The latest shooting—at a community college in Oregon—may have done what countless others have failed to do: re-ignite our flame of righteous indignation. Remember the movie Network where Howard Beale (played by Peter Finch) gets Americans to shout out their windows “I’m mad as hell and I’m not going to take it anymore!” ? We should have reached that point when Sandy Hook occurred…and every bloodbath since then. Parents should be in tears that their elementary age children are now used to classroom drills preparing for carnage in their schools. Maybe, just maybe, our nation has reached a tipping point where “there’s nothing we can do” is unacceptable.
But even if we are now heartbroken and enraged, that still begs the question…how best should this issue be engaged? Conservatives claim that more mental health care is needed (but are unwilling to fund that) while liberals advocate gun permit restrictions. Both of those would be useful, and I’d happily vote for both, but I’m skeptical about seeing significant reduction in the slaughter. As long as there are as many lethal weapons as there are people in this country, people willing to kill are likely to have access to the requisite tools for murder. Furthermore, people who lack empathy and are highly aggressive are unlikely to enter the system for mental health care. The problem with killers isn’t being bipolar or having ADHD; the problem is a lack of normal human attachment, and most psychopaths are unnoticed until too late.
Which brings us –surprisingly—to a solution. In a recent article for CNN Doctor Sanjay Gupta writes “The epidemic of gun violence is treatable.” He notes an infectious disease doctor, named Gary Slutkin, who has analyzed homicidal violence by treating it as a spreading illness—and finding a solution in what he calls “interrupters.” Gupta explains, “Interrupters are trained health professionals who act as mediators and go to the epicenter of violent behavior.” As Doctor Slutkin says, “”You’re interrupting the transmission. You’re getting to the places where events are most likely to happen, with the right people who can get there,” said Slutkin. “We’ve demonstrated you can drop violence in neighborhoods, to the point where it would be a very rare event.” To put it in medical terms, these interrupters are a powerful antibiotic, effective in treating a tough infection. In this case, though, the infection is gun violence.”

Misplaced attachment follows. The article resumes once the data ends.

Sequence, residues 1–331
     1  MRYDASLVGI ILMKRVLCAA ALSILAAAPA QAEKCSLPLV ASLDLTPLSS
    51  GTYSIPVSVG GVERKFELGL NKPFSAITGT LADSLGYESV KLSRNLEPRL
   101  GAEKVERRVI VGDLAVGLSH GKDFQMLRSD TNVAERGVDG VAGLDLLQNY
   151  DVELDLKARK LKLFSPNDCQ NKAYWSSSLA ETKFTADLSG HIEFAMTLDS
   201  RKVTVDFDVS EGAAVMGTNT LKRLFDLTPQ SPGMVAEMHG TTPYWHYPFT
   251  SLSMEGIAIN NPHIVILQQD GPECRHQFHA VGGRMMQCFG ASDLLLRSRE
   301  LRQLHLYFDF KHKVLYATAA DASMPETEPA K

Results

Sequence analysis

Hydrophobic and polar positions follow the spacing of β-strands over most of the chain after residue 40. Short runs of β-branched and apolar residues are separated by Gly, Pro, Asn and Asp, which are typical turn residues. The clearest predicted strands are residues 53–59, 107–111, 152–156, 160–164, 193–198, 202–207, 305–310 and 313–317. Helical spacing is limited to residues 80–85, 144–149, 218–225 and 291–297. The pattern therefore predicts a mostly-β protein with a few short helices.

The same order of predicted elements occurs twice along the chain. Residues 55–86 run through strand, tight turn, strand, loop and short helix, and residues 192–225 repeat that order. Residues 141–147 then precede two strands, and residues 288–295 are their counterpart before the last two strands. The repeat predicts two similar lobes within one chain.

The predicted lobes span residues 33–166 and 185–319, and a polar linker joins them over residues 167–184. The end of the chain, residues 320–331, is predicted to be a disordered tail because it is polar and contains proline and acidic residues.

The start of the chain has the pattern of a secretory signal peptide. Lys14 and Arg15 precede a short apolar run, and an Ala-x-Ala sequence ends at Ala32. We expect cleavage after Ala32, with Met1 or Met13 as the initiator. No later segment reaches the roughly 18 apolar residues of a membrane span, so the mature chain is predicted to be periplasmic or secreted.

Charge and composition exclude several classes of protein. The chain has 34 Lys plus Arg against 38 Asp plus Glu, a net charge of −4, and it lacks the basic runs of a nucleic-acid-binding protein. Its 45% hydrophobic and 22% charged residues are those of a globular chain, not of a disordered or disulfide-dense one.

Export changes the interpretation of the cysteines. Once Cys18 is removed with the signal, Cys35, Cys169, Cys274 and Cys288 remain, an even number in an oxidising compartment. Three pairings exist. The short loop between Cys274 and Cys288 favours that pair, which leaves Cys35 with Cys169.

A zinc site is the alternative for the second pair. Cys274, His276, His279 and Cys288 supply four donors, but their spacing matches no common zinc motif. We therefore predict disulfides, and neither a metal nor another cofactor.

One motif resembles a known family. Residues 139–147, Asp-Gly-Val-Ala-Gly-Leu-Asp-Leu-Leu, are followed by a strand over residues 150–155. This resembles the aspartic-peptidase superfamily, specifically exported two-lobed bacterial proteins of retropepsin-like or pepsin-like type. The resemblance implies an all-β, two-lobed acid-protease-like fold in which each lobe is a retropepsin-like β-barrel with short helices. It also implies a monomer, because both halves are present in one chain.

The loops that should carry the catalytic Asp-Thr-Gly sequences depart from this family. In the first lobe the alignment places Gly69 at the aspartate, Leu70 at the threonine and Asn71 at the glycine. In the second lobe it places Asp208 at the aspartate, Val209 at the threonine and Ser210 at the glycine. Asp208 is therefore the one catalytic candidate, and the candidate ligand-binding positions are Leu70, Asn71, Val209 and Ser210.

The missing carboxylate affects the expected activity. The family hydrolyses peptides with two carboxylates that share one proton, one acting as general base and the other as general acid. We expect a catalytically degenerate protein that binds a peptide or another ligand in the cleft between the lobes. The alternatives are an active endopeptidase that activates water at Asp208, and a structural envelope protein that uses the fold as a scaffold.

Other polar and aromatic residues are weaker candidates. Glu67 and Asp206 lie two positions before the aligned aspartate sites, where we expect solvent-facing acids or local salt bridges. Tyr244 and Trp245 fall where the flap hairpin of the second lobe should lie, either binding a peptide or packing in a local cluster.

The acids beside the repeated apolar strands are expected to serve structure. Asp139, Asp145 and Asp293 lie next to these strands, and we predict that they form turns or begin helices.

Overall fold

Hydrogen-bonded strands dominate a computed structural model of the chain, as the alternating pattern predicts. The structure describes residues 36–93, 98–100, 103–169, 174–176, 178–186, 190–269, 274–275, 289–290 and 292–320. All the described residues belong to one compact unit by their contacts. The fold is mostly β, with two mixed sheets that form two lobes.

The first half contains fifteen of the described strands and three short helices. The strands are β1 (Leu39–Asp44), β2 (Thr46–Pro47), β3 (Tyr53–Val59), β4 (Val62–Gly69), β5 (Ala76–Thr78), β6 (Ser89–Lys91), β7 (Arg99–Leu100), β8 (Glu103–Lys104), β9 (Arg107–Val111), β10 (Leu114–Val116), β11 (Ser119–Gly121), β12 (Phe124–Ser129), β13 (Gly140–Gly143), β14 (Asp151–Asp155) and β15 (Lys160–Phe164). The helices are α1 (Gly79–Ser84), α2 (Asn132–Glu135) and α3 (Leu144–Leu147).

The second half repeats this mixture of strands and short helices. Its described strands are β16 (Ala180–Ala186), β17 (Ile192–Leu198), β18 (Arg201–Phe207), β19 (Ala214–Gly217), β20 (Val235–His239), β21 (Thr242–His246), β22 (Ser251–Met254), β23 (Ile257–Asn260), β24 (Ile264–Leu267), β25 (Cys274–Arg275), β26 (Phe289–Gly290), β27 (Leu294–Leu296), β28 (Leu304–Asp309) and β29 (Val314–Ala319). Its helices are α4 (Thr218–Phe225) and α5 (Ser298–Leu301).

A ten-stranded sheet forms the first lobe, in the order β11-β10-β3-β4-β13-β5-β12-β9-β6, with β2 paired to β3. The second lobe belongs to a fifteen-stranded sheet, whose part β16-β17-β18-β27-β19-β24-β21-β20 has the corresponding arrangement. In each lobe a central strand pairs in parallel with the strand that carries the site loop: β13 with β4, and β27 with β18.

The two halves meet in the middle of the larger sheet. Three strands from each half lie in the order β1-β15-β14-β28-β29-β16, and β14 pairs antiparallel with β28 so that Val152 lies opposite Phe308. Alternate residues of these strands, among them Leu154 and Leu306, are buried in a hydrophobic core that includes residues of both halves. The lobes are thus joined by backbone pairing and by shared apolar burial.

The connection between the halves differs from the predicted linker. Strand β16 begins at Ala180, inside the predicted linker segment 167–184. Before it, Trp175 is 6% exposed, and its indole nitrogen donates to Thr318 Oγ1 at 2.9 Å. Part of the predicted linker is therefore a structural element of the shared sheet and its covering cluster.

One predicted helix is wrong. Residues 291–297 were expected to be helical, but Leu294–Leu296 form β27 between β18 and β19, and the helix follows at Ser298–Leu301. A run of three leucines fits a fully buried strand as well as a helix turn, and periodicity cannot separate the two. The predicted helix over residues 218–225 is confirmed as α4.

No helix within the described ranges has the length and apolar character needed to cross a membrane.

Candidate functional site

Reading this article, Jesus’s words flashed into my mind: “Blessed are the peacemakers, for they shall be called children of God.” I liked Gupta’s and Slutkin’s ideas, but “interrupters” doesn’t sound very inspiring. “Peacemakers” describes exactly what trained interrupters do—they bring shalom into places of potential violence. It’s unfortunate that “pacifist” and “nonviolence” have so often been used to characterize Christian peace witness. Jesus’s word “peacemakers” is active rather than passive. Peacemakers make a pre-emptive strike for shalom. And it’s not what we’re against (non- violence) it’s about the positive reality we are creating.
We know the Oregon shooter posted his intentions the night before the killing on a social media site—what if there were interrupters on that site, able to intervene? What if schools at all levels hired interrupters to meet and counsel with students who seem withdrawn, lacking in friends? What if (rather than pack heat, as some are recommending) teachers were all trained in skills of increasing empathy between students?
And shouldn’t Jesus’s followers be in the forefront of such a movement? The one we claim to follow has called us to active pursuit of reconciliation. This is what Christians should be known for—this should be our forté!
And as I write this there are words popping into my head from another wisdom teacher. Yes, you may say that I’m a dreamer… but I’m not the only one. What about you? If this dream makes sense to you, why not share it on social media or talk about it with one other person. Who knows? It could become a movement.